Lloyd, Rebecca - Mercy
The first clutch of stories are not what I would define as uncanny or strange, but rather, to paraphrase Mr. Bukowski, tales of ordinary madness. In this book, however, not so ordinary.
“Mercy” is narrated by an obsessive soul, nurturing a shrine of love, who explains his routine with detailed rationale.
The broken couple gradually circle around each other, drawn by habit and need, in “Salsa.” A friend, Janet, acts as onlooker, though she seems in the corner, leashed with her own restraints.
The builder of kites works quietly, while his eyes evaluate youthful trespassers in “The Meat Freezer.”
70 odd pages in, and new neighbors work to restore a neglected house, and repair their relationship. “What Comes” is the first tale of real unease or disturbance. on several levels, that seeps like a stain that cannot be washed clean.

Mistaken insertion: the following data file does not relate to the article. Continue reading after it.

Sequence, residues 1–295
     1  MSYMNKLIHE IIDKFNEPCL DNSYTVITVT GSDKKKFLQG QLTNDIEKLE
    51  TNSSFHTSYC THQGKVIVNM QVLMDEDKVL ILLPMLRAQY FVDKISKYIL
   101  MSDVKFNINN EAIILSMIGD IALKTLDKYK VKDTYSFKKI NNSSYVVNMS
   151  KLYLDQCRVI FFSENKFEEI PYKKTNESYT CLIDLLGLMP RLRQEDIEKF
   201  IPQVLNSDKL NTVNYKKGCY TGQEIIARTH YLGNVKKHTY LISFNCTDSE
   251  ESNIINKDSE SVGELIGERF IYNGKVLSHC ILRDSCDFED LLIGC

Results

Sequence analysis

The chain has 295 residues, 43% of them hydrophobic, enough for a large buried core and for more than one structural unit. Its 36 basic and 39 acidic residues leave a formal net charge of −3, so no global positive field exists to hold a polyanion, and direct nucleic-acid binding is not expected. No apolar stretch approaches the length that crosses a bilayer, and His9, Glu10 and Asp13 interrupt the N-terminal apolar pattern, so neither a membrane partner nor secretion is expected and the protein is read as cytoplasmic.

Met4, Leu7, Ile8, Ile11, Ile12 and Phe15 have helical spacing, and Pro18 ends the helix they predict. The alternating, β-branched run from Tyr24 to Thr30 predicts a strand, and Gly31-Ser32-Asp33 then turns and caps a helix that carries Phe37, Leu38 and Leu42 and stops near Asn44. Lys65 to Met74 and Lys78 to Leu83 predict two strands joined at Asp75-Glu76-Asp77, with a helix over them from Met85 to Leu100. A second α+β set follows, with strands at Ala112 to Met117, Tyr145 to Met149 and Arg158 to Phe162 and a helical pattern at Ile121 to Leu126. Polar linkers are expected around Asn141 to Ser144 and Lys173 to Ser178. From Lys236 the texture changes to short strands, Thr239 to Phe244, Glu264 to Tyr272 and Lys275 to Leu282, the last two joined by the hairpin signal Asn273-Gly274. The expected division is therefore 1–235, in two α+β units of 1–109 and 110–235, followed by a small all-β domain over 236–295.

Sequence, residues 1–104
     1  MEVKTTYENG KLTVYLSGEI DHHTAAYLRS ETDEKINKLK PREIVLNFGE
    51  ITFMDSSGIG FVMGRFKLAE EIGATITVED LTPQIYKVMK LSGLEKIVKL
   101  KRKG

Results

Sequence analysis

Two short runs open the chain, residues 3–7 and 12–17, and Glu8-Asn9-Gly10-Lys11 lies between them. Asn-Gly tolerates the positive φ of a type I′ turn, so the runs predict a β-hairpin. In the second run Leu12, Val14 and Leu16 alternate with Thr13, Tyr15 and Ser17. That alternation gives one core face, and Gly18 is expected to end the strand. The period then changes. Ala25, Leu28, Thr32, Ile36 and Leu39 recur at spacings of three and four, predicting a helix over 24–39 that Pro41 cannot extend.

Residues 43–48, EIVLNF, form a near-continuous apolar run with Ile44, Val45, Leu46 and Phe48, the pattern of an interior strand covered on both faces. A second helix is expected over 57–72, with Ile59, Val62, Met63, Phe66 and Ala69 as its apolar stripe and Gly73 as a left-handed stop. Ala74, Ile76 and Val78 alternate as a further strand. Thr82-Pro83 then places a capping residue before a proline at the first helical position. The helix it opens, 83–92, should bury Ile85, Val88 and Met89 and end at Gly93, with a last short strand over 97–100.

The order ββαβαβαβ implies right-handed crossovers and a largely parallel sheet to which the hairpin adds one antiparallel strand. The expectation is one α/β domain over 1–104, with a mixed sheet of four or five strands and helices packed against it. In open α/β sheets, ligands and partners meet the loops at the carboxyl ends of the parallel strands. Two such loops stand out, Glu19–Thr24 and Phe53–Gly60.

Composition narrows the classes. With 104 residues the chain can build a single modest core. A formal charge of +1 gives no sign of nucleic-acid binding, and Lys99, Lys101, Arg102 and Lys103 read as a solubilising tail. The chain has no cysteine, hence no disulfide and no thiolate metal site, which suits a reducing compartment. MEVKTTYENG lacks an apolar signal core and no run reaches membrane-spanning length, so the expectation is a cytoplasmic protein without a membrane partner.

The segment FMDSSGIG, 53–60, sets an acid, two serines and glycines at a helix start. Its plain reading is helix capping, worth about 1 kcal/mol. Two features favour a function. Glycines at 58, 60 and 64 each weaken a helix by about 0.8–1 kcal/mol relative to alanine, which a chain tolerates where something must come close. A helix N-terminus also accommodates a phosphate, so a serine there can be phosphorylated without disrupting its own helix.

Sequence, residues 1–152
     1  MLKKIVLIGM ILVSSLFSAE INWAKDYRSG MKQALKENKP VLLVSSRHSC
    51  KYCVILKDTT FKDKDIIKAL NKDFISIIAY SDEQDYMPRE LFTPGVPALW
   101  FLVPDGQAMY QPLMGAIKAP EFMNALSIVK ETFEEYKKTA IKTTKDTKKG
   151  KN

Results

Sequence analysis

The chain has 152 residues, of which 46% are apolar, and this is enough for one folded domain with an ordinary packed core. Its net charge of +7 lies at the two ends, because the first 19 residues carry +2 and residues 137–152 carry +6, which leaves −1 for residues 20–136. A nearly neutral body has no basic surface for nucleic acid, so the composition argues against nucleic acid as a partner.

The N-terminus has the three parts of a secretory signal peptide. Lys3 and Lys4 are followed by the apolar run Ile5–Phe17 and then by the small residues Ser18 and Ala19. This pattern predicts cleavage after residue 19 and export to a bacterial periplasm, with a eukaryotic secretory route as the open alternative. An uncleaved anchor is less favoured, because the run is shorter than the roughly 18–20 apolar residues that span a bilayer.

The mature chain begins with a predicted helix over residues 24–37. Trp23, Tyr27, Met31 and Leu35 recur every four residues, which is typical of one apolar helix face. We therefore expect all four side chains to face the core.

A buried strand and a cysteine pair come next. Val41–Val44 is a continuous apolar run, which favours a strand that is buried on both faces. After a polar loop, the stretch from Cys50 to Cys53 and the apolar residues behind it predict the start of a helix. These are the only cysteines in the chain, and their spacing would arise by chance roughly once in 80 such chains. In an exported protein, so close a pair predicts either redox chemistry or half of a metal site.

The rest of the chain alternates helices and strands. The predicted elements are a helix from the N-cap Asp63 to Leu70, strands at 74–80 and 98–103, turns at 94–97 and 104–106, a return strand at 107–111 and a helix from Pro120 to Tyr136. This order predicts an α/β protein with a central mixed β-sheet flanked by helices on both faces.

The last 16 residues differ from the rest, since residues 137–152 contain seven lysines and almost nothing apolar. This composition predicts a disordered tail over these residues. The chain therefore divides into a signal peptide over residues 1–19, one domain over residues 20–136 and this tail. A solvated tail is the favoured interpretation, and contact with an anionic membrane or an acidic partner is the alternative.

In “The Bath” young John tries to help the reclusive couple. The pair are long married, though close mouthed, to the annoyance of the inquisitive. Eventually, John makes it past the front door and gazes on secrets, eccentricities, and a wet afternoon mystery.
“Gone To The Deep” is lengthy, and a satisfying release from the half glimpses that have come before.
A mounting tale of a sea spray triangle. The haunted island fisherman, torn between his passionate mainland lass and the bewitching song of the waves.
All make worthwhile reading, yet this collection never caught fire for me.